Masson-Delmotte, V., Schulz, M. and Abe-Ouchi, A. 2013. Information from Paleoclimate Archives In: T. F. Stocker, D. Qin, G.-K. Plattner, M. Tignor, S. K. Allen, J. Boschung, A. Nauels and Y. Xia, eds. Climate Change 2013: The Physical Science Basis. Contribution of Working Group I to the Fifth Assessment Report of the Intergovernmental Panel on Climate Change [Online]. Cambridge University Press, pp. 383–464. Available from: www.climatechange2013.org.

Mathiesen, T. 1982. Makt og Motmakt. Drammen: Pax.

Neocosmos, M. 2018. Thinking freedom: Achieving the impossible collectively, Interview with Michael Neocosmos In: N. Buxton and D. Eade, eds. State of Power, 2018 edition [Online]. Amsterdam: Transnational Institute, pp. 33–48. Available from: https://www.tni.org/files/publication-downloads/tni-stateofpower2018-webversion.pdf.

Öcalan, A. 2016. Democratic Nation [Online]. Cologne: International Initiative Edition. Available from: http://www.ocalan-books.com/downloads/en-brochure-democratic-nation_2017.pdf.

Orwell, G. 1955. Nineteen eighty-four: a novel Repr. London: Secker & Warburg.

du Pan, J.M. 1793. Considerations sur la nature de la revolution de France [Online]. London: Emm. Flon. [Accessed 5 October 2017]. Available from: https://ia601204.us.archive.org/13/items/bub_gb_yIA8AAAAcAAJ/bub_gb_yIA8AAAAcAAJ.pdf.

Quarantelli, E.L. 2001. Panic, Sociology of In: International Encyclopedia of the Social & Behavioral Sciences [Online]. Pergamon, Oxford, pp. 11020–11023. Available from: http://www.sciencedirect.com/science/article/pii/B0080430767018672.

Ramalingam, B. 2013. Aid on the Edge of Chaos: Rethinking international cooperation in a complex world. Oxford: Oxford University Press.

Rorty, A.O. 1988. Self-deception, akrasia and irrationality In: J. Elster, ed. The Multiple Self. Cambridge: Cambridge University Press.

Scheffer, M., Carpenter, S., Foley, J.A., Folke, C. and Walker, B. 2001. Catastrophic shifts in ecosystems. Nature. [Online]. 413(6856),pp.591–596. Available from: http://dx.doi.org/10.1038/35098000.

Scheffer, M. and Carpenter, S.R. 2003. Catastrophic regime shifts in ecosystems: linking theory to observation. Trends in Ecology & Evolution. [Online]. 18(12),pp.648–656. Available from: http://www.sciencedirect.com/science/article/pii/S0169534703002787.

Scheffer, M. and van Nes, E.H. 2007. Shallow lakes theory revisited: various alternative regimes driven by climate, nutrients, depth and lake size In: Shallow Lakes in a Changing World, Developments in Hydrobiology, Vol. 196 [Online]. Developments in Hydrobiology. Springer Netherlands, pp. 455–466. Available from: http://dx.doi.org/10.1007/978-1-4020-6399-2_41.

Scott, J.C. 1985. Weapons of the Weak, Everyday Forms of Peasant Resistance. New Haven: Yale University Press.

Scoville, H. 2017. Gradualism vs. Punctuated Equilibrium. ThoughtCo. [Online]. [Accessed 6 March 2018]. Available from: https://www.thoughtco.com/gradualism-vs-punctuated-equilibrium-1224811.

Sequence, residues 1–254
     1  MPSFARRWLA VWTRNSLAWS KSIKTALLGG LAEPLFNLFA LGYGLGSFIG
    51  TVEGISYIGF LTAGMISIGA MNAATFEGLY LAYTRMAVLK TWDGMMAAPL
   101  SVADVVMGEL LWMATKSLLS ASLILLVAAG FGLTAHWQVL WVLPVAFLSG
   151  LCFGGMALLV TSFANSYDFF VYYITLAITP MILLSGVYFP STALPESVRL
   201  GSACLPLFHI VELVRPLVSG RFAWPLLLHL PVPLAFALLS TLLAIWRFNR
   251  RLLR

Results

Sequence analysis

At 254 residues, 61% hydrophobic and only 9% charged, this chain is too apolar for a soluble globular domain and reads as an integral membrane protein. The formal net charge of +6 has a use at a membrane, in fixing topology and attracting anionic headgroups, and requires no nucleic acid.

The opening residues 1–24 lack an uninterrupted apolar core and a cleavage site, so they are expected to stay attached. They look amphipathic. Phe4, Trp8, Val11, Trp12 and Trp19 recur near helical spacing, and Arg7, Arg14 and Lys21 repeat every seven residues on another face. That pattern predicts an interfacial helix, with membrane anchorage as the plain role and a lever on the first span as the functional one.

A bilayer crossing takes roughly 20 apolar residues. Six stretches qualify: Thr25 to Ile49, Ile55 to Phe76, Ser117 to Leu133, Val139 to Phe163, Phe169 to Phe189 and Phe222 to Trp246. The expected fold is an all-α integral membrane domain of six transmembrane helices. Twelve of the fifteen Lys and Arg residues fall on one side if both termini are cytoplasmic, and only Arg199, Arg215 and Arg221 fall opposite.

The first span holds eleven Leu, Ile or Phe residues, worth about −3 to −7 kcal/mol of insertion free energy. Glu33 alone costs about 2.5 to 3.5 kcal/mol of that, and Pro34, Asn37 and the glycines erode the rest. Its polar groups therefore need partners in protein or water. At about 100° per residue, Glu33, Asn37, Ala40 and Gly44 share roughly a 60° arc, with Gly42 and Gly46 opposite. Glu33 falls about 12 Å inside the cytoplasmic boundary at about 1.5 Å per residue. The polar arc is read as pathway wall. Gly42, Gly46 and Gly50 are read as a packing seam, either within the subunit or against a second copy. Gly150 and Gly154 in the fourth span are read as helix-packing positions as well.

Shanin, T. 1999. Ekspoljarnye struktury i neformaljnaja ekonomika sovremennoj Rossija In: Neformaljnaja ekonomika, Rossija i mir. Moscow: Logos, pp. 11–32.

Sitrin, M.A. 2012. Everyday Revolutions, Horizontalism and Autonomy in Argentina. London: Zed.

Situationist International 1963. Ideologies, Classes, and the Domination of Nature. Internationale Situationiste. [Online]. (8). Available from: http://libcom.org/library/internationale-situationiste-8-article-6.

Solnit, R. 2009. A Paradise Built in Hell: The Extraordinary Communities That Arise in Disaster. New York: Viking.

Stallings, R.A. and Quarantelli, E.L. 1985. Emergent Citizen Groups and Emergency Management. Public Adm Rev. [Online]. 45(Special),pp.93–100. Available from: http://search.ebscohost.com/login.aspx?direct=true&db=ehh&AN=11997563&site=ehost-live&scope=site.

Steffen, W., Richardson, K., Rockström, J., Cornell, S.E., Fetzer, I., Bennett, E.M., Biggs, R., Carpenter, S.R., de Vries, W., de Wit, C.A., Folke, C., Gerten, D., Heinke, J., Mace, G.M., Persson, L.M., Ramanathan, V., Reyers, B. and Sörlin, S. 2015. Planetary boundaries: Guiding human development on a changing planet. Science. [Online]. (15.1.2015). Available from: http://www.sciencemag.org/content/early/2015/01/14/science.1259855.abstract.

Stiglitz, J.E., Sen, A. and Fitoussi, J.-P. 2009. Report by the Commission on the Measurement of Economic Performance and Social Progress [Online]. Paris: Commission on the Measurement of Economic Performance and Social Progress. Available from: http://www.stiglitz-sen-fitoussi.fr/documents/rapport_anglais.pdf.

Stockholm Resilience Centre 2015. Regime shifts [Online]. Available from: http://www.stockholmresilience.org/download/18.3e9bddec1373daf16fa438/1381790210379/Insights_regimeshifts_120111-2.pdf.

Strangers In A Tangled Wilderness 2015. A Small Key Can Open A Large Door, The Rojavan revolution. San Bernardino, California: Strangers In A Tangled Wilderness.

Tammilehto, O. 2010. Major Intentional Social Change as a Political Perspective In: G. Martin, D. Houston, P. McLaren and J. Suoranta, eds. The Havoc of Capitalism: Publics, Pedagogies and Environmental Crisis. Rotterdam; Boston: Sense Publishers, pp. 195--206.

Tammilehto, O. 2012. On the Prospect of Preventing Global Climate Catastrophe due to Rapid Social Change. Capitalism Nature Socialism. [Online]. 23(1),pp.79–92. Available from: http://dx.doi.org/10.1080/10455752.2011.648842.

Tønnesson, K. 1988. La démocratie directe sous la Révolution française - la cas des districts et sections de Paris In: The French Revolution and the Creation of Modern Political Culture, Vol. 2, The Political Culture of the French Revolution. Oxford: Pergamon, pp. 295–308.

Voline 1990. The Unknown Revolution [Online]. Montréal: Black Rose Books. Available from: http://www.ditext.com/voline/unknown.html.

Wilterdink, N. and Form, W. 2009. Social change In: Britannica Academic [Online]. Encyclopædia Britannica, Chicago. [Accessed 3 October 2017]. Available from: http://academic.eb.com/.

1Originally in French (du Pan, 1793 p. 80) as: "A l'exemple de Saturne, la révolution dévore ses enfants."

2An abrupt change takes place if the solid is crystallized. Some solids – e.g. glass – are not crystallized and they turn into liquid gradually. These solids are called amorphous. (See e.g. Complex Systems Group, 2015)

3I have developed this thesis earlier in (Tammilehto, 2010; Tammilehto, 2012). A similar theory is presented in (De Angelis, 2007).

4Heywood in his widely used textbook defines 'politics' as “the activity through which people make, preserve and amend the general rules under which they live” (Heywood, 2013 p. 2)

5As George Orwell writes in his novel Nineteen eighty-four: “'Who controls the past,' ran the Party slogan, 'controls the future: who controls the present controls the past.'” (Orwell, 1955)

6The situationists hinted at revolutionary desires that are repressed but exist in the subconscious (Baumeister and Negator, 2005 pp. 38–40; Situationist International, 1963)

11/16/19

 

Archive: Olli Tammilehto, Environment, Society


[home] [archive] [focus